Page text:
I believe that how a person structures his spiritual belief system has more to do with where they were born and where they live than any kind of spiritual calling. If this DB was created in China or India the discussions would be similar but the mythical religious figures we talk about would be different.
I think you are absolutely correct. I identify myself as a Christian because I can still use the core elements from the Christian storybook as a touchstone to define all of my remaining beliefs in spirituality. Under different circumstances, I might be going on about elements in some other religion which I would pick and choose to provide a viable spiritual structure. But for now, for myself and amongst most of my neighbors, Christianity still provides the most immediate framework to help categorize new spiritual ideas as to whether they are already a part of my defined spirituality, or if they can be subsumed within it, or if they are unworthy in comparison or are, perhaps, superior to it. It's much the same way a person might describe themselves as a Keynesian economist amidst a current playing field of economic permutations that can never again allow an ideal Keynesian system. Yet analogies based on Keynes in the context of systems of his time can also provide valuable analogies for comparison among systems that hadn't even been tried in his day.
The thought that we were all born in sin keeps the meek, humble and gullible in line. We all have the ability to know what is right and wrong. Blaming Satan for things you do wrong or thanking god for things you do right keeps people from realizing the personal potential and self worth. Eliminating ones self worth and independence is the key to religious control. Own their minds and their bodies will follow.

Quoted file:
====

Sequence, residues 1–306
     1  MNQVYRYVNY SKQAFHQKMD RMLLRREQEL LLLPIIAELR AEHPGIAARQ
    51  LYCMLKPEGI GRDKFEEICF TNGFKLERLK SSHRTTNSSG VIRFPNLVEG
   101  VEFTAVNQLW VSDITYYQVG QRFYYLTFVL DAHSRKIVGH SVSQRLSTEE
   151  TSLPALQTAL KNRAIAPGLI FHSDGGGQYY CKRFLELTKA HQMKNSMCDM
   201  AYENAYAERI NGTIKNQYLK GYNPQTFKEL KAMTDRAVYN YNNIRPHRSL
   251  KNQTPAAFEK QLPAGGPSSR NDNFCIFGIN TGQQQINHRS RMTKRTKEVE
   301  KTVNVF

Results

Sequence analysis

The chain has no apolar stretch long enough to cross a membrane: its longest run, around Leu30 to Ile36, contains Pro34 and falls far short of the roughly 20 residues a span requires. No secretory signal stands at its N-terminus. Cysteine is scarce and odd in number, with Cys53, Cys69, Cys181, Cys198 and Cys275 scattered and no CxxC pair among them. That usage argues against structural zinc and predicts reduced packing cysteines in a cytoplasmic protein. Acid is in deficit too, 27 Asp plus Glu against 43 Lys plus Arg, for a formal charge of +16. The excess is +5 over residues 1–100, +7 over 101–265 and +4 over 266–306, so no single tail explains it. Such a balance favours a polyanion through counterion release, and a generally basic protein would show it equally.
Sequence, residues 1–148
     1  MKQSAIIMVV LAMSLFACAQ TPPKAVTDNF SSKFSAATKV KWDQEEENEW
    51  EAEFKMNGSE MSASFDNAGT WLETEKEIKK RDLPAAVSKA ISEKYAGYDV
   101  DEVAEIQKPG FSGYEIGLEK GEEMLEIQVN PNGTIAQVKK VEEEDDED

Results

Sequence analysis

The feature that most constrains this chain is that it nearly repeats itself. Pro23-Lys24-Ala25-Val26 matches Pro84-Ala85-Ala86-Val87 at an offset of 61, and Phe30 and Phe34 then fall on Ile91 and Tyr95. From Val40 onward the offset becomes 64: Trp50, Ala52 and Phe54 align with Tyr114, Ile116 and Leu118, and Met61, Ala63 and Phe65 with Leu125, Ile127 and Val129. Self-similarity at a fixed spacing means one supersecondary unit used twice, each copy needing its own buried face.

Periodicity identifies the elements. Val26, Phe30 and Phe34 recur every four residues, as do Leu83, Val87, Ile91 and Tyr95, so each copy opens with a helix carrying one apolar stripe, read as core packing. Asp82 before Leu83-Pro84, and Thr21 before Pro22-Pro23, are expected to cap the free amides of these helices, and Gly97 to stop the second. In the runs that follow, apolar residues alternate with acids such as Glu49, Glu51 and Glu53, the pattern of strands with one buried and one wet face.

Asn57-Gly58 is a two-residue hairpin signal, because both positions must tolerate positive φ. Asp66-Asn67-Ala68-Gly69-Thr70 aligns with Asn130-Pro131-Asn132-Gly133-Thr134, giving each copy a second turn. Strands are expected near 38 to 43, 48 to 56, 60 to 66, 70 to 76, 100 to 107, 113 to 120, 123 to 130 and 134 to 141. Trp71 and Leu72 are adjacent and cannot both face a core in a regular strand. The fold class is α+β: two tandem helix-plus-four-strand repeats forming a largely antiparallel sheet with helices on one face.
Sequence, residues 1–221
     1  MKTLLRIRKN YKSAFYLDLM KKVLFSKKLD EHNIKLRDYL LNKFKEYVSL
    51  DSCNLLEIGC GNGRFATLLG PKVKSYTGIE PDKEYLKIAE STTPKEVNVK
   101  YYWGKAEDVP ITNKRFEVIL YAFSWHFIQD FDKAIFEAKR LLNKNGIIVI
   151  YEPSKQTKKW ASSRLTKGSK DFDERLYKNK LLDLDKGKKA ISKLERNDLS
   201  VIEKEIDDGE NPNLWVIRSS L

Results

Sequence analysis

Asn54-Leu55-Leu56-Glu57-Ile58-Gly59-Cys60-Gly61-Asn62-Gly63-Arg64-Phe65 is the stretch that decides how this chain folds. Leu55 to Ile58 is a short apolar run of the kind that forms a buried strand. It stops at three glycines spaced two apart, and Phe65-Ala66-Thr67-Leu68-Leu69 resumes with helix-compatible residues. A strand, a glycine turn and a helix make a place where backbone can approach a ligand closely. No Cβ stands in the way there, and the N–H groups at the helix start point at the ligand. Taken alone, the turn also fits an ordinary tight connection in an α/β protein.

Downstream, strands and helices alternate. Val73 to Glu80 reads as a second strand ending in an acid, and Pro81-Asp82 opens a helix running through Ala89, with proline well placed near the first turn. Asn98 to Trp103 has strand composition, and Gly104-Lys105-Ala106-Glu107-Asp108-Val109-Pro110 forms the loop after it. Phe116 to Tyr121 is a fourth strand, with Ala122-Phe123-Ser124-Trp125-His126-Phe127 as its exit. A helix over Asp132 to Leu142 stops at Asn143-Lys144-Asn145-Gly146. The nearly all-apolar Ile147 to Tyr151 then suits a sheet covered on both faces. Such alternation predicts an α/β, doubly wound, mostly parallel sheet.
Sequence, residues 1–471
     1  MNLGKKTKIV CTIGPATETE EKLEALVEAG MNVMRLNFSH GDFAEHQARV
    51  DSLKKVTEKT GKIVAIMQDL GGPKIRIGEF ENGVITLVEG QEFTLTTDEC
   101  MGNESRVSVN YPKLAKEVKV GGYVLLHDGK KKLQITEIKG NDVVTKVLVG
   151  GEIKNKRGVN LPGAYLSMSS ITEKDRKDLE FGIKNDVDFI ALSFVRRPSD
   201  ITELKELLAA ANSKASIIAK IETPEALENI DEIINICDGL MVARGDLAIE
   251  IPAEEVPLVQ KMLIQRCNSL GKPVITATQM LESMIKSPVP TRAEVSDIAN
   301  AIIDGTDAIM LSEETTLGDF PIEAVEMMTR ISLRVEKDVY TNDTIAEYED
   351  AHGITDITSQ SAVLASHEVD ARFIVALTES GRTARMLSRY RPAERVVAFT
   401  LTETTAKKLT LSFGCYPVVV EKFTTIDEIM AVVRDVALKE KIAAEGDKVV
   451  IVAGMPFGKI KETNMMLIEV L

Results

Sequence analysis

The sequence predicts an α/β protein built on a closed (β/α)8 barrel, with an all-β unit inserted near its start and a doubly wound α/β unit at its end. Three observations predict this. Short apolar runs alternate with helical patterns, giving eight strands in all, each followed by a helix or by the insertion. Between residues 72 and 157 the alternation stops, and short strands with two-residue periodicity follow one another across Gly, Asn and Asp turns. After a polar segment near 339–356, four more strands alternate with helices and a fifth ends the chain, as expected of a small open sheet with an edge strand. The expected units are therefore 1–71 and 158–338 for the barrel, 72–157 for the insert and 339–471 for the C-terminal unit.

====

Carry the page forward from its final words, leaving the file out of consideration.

This gets right to the point of the thread title. However, I think there are other lessons in the Christian story that are much more important than a teaching that we are "born in sin." My earlier examples from John and Luke about whether it was sin that made the boy born blind, or sin that caused the tower to fall and kill some people, tells me that this idea must not have been a core part of Jesus' teaching. I am a literalist when I read the story, and if some ideas from later apostles have proved literally wrong, then that's part of the "moral of the story." They were simply wrong!
I agree that Paul tried to promote a version of the ransom story, for example. But he premised it (I don't know why, exactly) on the idea that Jesus had literally been resurrected, that if the resurrection didn't happen, then we are without hope in the world. Then he stuck his neck out and spoke of what that hope entailed (rapture, last days, imminent judgment day, etc.). It didn't happen. But the core of Jesus teaching wasn't premised on a ransom. The core of Jesus teaching was what Paul had to admit: that faith can fail, that hope (resurrection?) can fail -- but love never fails. Love is the purest motivator of spirituality. Put another way, as James said: "the purest form of religion is to look after suffering orphans and widows." For others, of course, that love will motivate different activities -- but as a system of spirituality, the "love motivation" is the remaining core of Christianity.
Sorry for the sermon, but I think the real, core lessons from the Christian story are very empowering. I doubt my "twisted" version of Christianity has much chance of catching on, but I have faith that if it (or something like it) did catch on, then ultimately, love (for our neighbor) can motivate against militaristic/corporate greed, for example, and thereby help extend the life of the planet as a home. It could promote the creation of medicine and healing practices that reduce pain and suffering -- so I also see salvation in this teaching. You are right that we don't have to call it Christianity -- but that's where I happened to find this teaching.